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Office of Future Plans, S/T

Sign me up for anything from J. Robbins. Been listening to his post-Jawbox project Channels via Spotify. OFP is all the discordant (puns!) wonder, plus cello!

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While I wait for new releases from Animal Collective, Andrew Bird, Dirty Projectors, and more in 2012, I still have to catch up with 2011 releases from The Roots, F—– Up, The Dodos, Theophilus London, and Liturgy.

Good thing J. Evans will be picking all my new music for 2012!

This post is the third in a series about our church community’s recent trip to India in partnership with Justice Ventures International.

I’m not sure if was the heat/humidity double-punch combo, the growing realization that injustice permeated so many levels of culture around us or, perhaps, the jetlag playing catch-up with me, but my first thought when arriving in Kolkata was, Can we go back to Chennai?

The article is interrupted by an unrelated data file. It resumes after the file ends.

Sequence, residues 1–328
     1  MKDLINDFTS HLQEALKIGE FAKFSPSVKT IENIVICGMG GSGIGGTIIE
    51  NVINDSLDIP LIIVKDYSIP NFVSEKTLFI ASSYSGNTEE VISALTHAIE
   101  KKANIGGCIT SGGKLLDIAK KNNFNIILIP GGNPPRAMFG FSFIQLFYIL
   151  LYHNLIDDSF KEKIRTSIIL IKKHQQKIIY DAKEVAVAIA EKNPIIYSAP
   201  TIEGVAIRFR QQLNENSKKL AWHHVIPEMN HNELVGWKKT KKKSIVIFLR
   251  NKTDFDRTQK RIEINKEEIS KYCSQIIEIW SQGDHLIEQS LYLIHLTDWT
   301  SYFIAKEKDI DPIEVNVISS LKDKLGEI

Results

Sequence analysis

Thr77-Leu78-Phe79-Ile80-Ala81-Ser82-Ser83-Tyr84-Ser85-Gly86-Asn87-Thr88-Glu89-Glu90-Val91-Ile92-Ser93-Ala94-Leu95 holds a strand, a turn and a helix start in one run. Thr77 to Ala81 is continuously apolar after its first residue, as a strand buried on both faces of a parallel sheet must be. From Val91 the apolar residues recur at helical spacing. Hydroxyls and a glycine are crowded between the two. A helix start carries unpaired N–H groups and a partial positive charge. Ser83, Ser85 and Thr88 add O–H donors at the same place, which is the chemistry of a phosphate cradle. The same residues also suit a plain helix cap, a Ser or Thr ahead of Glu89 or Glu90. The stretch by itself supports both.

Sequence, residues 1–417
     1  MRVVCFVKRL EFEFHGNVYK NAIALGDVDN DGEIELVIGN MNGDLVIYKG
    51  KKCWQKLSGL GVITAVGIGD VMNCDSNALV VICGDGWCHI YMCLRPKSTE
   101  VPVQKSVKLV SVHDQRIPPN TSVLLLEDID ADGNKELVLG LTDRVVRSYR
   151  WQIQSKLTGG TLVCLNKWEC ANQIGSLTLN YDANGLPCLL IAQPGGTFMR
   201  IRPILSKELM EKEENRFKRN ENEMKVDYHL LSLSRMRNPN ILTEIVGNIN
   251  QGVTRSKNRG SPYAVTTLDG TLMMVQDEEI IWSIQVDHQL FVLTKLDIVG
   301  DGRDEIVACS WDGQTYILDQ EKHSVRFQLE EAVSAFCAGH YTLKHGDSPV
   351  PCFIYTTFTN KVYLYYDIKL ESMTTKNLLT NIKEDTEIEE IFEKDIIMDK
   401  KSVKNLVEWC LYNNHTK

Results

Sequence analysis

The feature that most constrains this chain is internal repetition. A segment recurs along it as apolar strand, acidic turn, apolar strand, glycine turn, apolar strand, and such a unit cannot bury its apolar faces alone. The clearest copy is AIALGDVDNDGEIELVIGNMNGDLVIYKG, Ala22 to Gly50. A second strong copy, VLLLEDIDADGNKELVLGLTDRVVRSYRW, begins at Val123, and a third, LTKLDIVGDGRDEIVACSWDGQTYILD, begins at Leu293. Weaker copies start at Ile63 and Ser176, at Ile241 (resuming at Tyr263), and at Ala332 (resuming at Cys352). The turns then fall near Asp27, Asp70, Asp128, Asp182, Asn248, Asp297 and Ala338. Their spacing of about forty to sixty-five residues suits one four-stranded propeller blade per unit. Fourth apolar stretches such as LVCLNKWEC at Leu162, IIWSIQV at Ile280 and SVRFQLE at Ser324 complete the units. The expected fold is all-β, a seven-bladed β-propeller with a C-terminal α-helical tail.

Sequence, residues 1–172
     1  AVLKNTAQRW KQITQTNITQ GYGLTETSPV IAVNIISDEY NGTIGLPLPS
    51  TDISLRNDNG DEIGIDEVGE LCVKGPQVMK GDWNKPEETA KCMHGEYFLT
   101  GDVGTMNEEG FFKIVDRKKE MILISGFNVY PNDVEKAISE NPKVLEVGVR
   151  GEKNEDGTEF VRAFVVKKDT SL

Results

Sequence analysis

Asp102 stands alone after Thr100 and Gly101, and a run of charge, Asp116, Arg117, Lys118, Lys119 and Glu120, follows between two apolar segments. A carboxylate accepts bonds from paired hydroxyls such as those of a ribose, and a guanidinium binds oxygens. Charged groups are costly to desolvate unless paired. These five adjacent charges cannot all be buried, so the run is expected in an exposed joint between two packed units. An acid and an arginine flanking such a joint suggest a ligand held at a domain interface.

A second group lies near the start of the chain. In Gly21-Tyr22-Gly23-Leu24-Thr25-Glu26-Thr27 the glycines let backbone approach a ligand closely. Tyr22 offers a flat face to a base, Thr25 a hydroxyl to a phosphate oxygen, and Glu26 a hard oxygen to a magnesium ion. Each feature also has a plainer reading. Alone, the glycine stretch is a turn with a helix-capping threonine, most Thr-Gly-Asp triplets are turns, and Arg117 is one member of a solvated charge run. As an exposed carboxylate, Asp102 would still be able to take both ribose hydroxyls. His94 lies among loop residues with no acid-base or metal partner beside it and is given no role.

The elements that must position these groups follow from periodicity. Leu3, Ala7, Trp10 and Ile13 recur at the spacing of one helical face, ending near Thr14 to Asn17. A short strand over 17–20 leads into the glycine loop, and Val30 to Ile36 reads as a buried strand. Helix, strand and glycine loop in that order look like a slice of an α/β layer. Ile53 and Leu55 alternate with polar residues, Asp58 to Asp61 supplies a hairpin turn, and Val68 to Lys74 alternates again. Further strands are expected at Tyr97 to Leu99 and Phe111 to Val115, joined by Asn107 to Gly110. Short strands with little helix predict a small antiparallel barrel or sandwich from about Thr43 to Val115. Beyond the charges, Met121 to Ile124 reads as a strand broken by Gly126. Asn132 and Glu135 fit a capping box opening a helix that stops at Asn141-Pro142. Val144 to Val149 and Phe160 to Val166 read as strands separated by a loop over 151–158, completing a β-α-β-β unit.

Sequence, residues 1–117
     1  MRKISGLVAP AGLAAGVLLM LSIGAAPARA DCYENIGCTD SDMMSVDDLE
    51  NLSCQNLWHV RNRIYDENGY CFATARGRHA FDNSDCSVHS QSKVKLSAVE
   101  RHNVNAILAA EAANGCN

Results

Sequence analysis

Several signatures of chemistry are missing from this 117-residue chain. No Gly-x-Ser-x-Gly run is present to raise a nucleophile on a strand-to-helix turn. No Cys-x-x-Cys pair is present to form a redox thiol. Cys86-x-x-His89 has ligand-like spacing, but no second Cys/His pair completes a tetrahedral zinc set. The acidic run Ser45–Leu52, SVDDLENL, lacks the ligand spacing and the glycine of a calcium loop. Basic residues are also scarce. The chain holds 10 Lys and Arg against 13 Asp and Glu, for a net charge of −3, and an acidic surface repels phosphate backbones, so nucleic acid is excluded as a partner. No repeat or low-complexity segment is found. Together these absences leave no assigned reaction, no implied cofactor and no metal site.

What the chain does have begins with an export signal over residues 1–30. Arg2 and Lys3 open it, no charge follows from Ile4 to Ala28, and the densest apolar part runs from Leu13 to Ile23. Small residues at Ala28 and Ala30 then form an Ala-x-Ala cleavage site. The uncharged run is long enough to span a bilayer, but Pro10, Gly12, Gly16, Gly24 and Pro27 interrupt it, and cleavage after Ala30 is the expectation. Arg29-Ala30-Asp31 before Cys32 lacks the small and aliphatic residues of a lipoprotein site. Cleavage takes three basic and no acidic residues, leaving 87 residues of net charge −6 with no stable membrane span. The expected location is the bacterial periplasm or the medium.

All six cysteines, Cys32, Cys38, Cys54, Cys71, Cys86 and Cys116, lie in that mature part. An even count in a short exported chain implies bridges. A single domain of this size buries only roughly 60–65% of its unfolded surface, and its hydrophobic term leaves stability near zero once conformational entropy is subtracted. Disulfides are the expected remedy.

While Chennai is a massive city in its own right, the humanity stacked upon itself throughout Kolkata (formerly known as Calcutta) can make it seem like a small town in comparison.


In Business for Freedom

Our team had the privilege of working with Freeset for a couple of days while in Kolkata.

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Live through this, and you won’t look back. – Stars 


All Things New 

Jesus’ resurrection is so much more than some kind of “proof” that He is the Son of God or our highway to heaven. When Jesus rose from the grave, He utterly destroyed the power of sin and death. He demonstrates the reality of God’s purpose to renew all of creation, and He invites us to become new kinds of people through Him and to join in His mission of redemption.

Everything that is broken will be made new.